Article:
I should start this review by being as frank as possible. I'm not really sure who this review is for. With Fifty Shades of Grey, you'll fall into either one of two camps. You're either planning to see it (or have already seen it) regardless of what I'm going to say for the next couple of paragraphs, or you're going to avoid the film altogether thanks to the esoteric nature of its erotic subject matter.
But for those of you who have fallen to the wayside and are a bit curious thanks to the shape this pop culture juggernaut has taken, don't follow up on that feeling. Because if you're willing to sit through this two hour slog without heeding my warning, you're also "fifty shades of f**ked up."
Many moons ago, at San Diego Comic Con 2013, my friend and I were sitting through all the panels in the infamous Hall H waiting to get to the Marvel movie panel. One of the panels we sat through showed some footage and brought out the cast for a silly looking fantasy movie called Seventh Son. By the end of that day, I was so tired that all I remembered about it was that Kit Harington seemed really embarrassed to be on the panel talking about it.
Fast forward to two years later, the same friend and I saw Seventh Son over this past weekend.
I am a Wachowski defender. I have enjoyed if not down right liked every film they've made. Yes, even the second two Matrix films. If you insult Speed Racer I'll flip some tables. That movie was a kinetic and frantic masterpiece that got trashed for no good reason. Cloud Atlas was a challenging work to tackle and they did a commendable job putting it all together. Read the book and watch the film and you'll be blown away. They are very skilled directors.
All right, calm down, Matt.
So despite Jupiter Ascending getting bumped from a major summer blockbuster to a lowly February release, and despite the terrible word-of-mouth it was receiving I was wildly hopeful for the film. It looks visually stunning and other than Channing Tatum's eyeliner I was all in for some more Wachowski greatness.
This may come as a surprise to you, but Spongebob Squarepants is still the juggernaut of a cartoon it was when it first debuted back in 1999. Never ceasing to keep kids' attention thanks to its unique characters and ever evolving comedy. Most importantly, it just has a lot of fun.
I've been excited for Sponge Out of Water for some time. A sequel to a ten year old film, Water looked ambitious, full of crazy art styles, and once again had all of the fun that the series is known for. Good thing the film mostly lives up to that even if the humor has changed from what I remember.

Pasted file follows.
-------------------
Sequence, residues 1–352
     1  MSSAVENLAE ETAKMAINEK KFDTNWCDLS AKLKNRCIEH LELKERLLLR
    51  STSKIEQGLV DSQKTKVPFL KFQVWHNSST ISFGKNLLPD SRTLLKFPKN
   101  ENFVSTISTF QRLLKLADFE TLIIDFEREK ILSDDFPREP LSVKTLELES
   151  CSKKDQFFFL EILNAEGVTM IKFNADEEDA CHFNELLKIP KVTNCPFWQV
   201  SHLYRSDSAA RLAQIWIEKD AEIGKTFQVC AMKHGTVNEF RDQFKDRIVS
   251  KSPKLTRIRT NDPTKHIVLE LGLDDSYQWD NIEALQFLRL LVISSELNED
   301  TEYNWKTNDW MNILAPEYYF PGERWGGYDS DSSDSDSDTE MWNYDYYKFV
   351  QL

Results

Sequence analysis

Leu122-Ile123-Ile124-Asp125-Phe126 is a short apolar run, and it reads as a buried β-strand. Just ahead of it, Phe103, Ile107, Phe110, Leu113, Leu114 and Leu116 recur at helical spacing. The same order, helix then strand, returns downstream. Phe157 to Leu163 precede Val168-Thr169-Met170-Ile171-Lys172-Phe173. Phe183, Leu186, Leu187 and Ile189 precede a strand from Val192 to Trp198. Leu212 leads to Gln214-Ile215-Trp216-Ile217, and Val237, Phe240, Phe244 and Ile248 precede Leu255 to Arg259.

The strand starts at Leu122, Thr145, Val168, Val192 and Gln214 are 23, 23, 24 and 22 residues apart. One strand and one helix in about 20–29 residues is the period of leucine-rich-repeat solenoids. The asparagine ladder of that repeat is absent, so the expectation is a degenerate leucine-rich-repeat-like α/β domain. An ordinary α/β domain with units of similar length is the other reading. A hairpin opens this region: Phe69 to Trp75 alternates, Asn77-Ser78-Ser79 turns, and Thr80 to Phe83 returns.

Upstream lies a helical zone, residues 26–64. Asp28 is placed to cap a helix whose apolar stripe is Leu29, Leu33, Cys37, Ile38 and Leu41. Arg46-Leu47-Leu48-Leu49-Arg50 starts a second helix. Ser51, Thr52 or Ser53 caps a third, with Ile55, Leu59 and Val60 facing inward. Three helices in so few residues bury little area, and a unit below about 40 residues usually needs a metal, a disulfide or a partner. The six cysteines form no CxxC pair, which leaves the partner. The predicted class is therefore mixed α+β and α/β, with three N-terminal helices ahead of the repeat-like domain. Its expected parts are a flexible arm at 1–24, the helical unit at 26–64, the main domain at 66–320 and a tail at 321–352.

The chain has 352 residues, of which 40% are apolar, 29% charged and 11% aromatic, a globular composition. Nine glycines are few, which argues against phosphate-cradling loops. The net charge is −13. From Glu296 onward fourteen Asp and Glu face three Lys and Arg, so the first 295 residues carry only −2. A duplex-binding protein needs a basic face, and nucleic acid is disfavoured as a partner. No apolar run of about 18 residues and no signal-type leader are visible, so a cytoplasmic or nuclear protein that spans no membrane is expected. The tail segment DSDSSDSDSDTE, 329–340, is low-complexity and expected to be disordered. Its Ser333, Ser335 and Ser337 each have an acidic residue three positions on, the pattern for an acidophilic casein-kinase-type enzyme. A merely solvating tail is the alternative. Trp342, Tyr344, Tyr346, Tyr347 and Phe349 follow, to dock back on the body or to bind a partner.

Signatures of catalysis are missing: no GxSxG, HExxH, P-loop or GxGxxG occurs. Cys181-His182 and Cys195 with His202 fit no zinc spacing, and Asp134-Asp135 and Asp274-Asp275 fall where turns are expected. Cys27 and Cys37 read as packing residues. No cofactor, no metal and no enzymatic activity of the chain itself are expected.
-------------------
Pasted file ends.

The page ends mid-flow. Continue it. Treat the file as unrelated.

I had no idea what A Most Violent Year was before my screening. This was even before the smaller, limited release managed to gain traction and before I realized how good the cast assembled was. With little to no advertising, it was swallowed up by the big films vying for awards during this more difficult season.
But now that the season is over, and A Most Violent Year is finally opening for a wider release, I can finally admit how wrong I was for ignoring it for so long. A Most Violent Year is precise, intelligent, and full of powerful moments.
I'm not actually sure who I'm writing this review for. Anyone whose seen the trailers for The Boy Next Door has undoubtedly made their made up about it. It's a trashy stalker film with Jennifer Lopez seducing a teenager that looks like he's in his late 20s. The kind of film you'd expect to see a cast of CW stars trying to break out into film in.
There was a chance that because of that it landed in the awesomely camp area of bad film. A kind of Swimfan or Cruel Intentions. These films aren't good, but man are they just fun to watch because of how committed they are. Sadly, despite some very valiant efforts, The Boy Next Door doesn't reach that true level of all out commitment to bad that it really needs.
Thanks to R100, we know the proper recipe for a shirt: 24 hours in a slow-cooker, with red wine sauce, celery and carrots. Not because the film involves shirt eating (not directly at least), but because it forced Twitch founder/editor Todd Brown to eat his own shirt.
Before it screened at Fantastic Fest late last year, he made a bold claim, if any film was half as crazy as Sion Sono's Why Don’t You Play in Hell?, he’d eat his shirt.
R100 called Brown's bluff, and he made good on his promise. It's fitting, really, because that's exactly the kind of thing someone in R100 might be forced to do.
[This review was originally posted as part of our coverage of the 2014 New York Asian Film Festival. It is being reposted to coincide with the theatrical/VOD release.]
I am a big Michael Mann fan. Collateral might be one of my favorite films. The guy just knows how to direct. You can be guaranteed at least one breath taking, though provoking shot in one of his films. This is especially true when he's shooting in a city. The guy just knows how to create an atmosphere that defines whatever city he's in.